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Halak pulled, but hardly the lone culprit in defeat

By Brian Compton - NHL.com Deputy Managing Editor

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Halak pulled, but hardly the lone culprit in defeat
Jaroslav Halak got the hook midway through the second period of Game 1 against the Flyers, but the blame for what turned into a 6-0 loss could be spread all the way around the Canadiens’ lineup after a dismal overall performance to begin the Eastern Conference Final.Jaroslav Halak got the hook midway through the second period of Game 1 against the Flyers, but the blame for what turned into a 6-0 loss could be spread all the way around the Canadiens’ lineup after a dismal overall performance to begin the Eastern Conference Final.
PHILADELPHIA -- The Montreal Canadiens are fully aware that Jaroslav Halak can be better than the performance he put forth on Sunday night.
 
More importantly, they know he was far from being the lone culprit.
 
Just like his teammates, Halak struggled in the opening game of the Eastern Conference Final. His night ended prematurely as he allowed four goals on 14 shots and was pulled 9:53 into the second period of Sunday night's 6-0 loss to the Philadelphia Flyers at the Wachovia Center.
 
Halak was replaced by Carey Price, but that doesn't mean a goaltending controversy is brewing in Montreal. Everyone in the Habs' dressing room is fully confident that Halak will return to solid form when the teams meet for Game 2 on Tuesday night at the Wachovia Center.
 
In the end, not a single player on Montreal's roster played to his capability. To put the blame solely on Halak's shoulders would be unfair.
 
"That's the last guy you pin it on," Canadiens center Scott Gomez said. "We're here because of him. We'll never blame him in here."
 
In a performance eerily similar to Game 1 in the second round against Pittsburgh, Halak was the victim of poor play from both himself and his teammates. He allowed five goals on 20 shots in that 6-3 loss to the Penguins, who went 4-on-4 on the power play and perhaps thought they solved Halak after he denied 131 of the final 134 shots he faced the Round 1 against the Washington Capitals.
 
But less than 48 hours later after the series-opening loss to the Pens, Halak made 38 saves in a Sunday matinee to help the Canadiens even the series with a 3-1 victory. It's for such reasons that the Flyers know they haven't won anything yet.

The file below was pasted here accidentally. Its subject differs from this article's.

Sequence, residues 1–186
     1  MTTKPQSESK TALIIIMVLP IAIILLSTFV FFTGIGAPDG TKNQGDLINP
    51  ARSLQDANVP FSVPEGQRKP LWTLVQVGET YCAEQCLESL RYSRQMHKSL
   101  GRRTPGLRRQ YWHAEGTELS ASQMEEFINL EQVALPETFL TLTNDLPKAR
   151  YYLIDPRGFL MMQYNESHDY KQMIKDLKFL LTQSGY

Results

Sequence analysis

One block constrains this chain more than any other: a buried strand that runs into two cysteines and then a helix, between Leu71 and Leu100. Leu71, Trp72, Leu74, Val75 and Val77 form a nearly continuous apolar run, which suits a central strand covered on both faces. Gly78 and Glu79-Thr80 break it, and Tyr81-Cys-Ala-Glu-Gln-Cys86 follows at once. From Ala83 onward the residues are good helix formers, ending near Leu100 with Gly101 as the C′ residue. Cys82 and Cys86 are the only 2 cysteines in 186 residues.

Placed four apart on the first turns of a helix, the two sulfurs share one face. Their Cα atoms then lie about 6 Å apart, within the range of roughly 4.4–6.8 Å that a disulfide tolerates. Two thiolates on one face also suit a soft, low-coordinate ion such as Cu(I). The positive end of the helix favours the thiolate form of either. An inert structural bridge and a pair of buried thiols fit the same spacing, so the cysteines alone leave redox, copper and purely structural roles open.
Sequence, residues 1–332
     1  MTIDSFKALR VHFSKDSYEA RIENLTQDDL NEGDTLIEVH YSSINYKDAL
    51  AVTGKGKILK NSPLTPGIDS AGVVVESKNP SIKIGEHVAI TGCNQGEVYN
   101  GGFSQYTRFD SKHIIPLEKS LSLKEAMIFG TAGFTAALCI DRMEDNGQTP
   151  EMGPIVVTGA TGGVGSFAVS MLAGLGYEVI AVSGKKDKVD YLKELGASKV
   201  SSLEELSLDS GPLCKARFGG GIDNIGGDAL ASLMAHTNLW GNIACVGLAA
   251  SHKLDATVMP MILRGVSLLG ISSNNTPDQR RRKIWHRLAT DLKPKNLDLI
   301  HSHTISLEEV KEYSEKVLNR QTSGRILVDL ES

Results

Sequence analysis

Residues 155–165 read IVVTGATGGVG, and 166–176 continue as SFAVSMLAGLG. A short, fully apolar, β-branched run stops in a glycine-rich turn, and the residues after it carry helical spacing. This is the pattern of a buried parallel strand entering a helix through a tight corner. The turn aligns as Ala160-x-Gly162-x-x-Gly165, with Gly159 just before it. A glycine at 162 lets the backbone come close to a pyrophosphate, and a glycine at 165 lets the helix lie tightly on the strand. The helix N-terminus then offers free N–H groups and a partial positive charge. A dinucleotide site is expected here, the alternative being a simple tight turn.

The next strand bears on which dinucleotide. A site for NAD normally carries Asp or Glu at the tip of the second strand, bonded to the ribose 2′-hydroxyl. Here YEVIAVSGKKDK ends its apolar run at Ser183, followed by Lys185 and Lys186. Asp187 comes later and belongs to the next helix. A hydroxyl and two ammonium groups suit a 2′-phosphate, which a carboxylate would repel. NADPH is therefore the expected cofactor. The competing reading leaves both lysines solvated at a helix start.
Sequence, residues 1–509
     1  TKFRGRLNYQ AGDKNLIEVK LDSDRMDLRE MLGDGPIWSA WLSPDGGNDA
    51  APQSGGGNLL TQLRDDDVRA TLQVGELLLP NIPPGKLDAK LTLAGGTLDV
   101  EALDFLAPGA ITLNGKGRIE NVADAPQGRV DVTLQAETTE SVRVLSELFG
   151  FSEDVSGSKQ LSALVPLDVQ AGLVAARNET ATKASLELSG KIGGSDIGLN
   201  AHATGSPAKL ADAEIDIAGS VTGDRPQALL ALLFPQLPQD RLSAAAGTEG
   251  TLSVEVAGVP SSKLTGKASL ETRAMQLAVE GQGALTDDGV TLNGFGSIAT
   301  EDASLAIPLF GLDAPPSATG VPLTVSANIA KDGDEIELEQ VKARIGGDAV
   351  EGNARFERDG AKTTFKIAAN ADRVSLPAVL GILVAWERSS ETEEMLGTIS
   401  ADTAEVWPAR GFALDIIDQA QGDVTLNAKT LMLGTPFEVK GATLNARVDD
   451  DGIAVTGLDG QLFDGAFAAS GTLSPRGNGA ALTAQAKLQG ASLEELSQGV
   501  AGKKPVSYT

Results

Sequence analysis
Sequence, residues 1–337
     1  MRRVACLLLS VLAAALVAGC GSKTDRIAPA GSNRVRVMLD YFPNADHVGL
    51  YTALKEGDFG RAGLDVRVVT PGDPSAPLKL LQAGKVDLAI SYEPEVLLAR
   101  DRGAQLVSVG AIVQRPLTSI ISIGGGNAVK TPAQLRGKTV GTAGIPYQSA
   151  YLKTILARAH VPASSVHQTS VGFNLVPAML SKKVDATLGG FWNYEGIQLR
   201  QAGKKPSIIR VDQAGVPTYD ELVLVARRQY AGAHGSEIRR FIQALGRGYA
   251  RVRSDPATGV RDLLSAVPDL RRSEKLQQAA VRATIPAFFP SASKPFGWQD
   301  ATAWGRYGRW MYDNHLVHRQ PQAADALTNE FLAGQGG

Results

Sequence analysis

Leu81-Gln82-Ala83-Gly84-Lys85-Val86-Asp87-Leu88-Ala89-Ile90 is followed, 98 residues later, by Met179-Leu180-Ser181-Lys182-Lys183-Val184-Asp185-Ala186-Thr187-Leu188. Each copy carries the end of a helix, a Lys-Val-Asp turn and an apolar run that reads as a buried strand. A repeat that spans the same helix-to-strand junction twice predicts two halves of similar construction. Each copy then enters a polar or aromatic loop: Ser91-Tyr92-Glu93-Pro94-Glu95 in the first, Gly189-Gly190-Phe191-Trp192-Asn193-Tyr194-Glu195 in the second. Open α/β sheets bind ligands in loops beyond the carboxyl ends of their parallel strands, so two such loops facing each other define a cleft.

"He got pulled in the two other series and he came back pretty strong, so I don't think so," Philadelphia forward Claude Giroux responded when asked if his team got in Halak's head.
 
The woes for Halak and the Canadiens began early on Sunday night. After the team was whistled for two penalties in the first 2:22, the Habs fell behind when Braydon Coburn whacked a loose puck over the goal line at 3:55 to give the Flyers a 1-0 lead.
 
Montreal escaped the first period without any further damage, but James van Riemsdyk notched his second goal in as many games just 30 seconds into the second before Danny Briere fired a rocket from the left circle past Halak at 4:23.
 
Philadelphia made it 4-0 just four seconds before a boarding penalty against Andrei Kostitsyn was set to expire, as Simon Gagne ripped a wrister past the Canadiens' goaltender at 9:53. Looking for a spark, coach Jacques Martin replaced Halak with Carey Price, who allowed a pair of goals in a 73-second span during the third period.
 
"There's more than just one player on this team," Habs defenseman PK Subban said. "Everybody else could have played a little better today. I'm sure, individually, that guys want to step up and play better. But as a team, we didn't execute the way we wanted to.
 
"There's a lot of hockey left to be played. It's a good character group in this room and we'll be better for next game."
 
Follow Brian Compton on Twitter: @BComptonNHL



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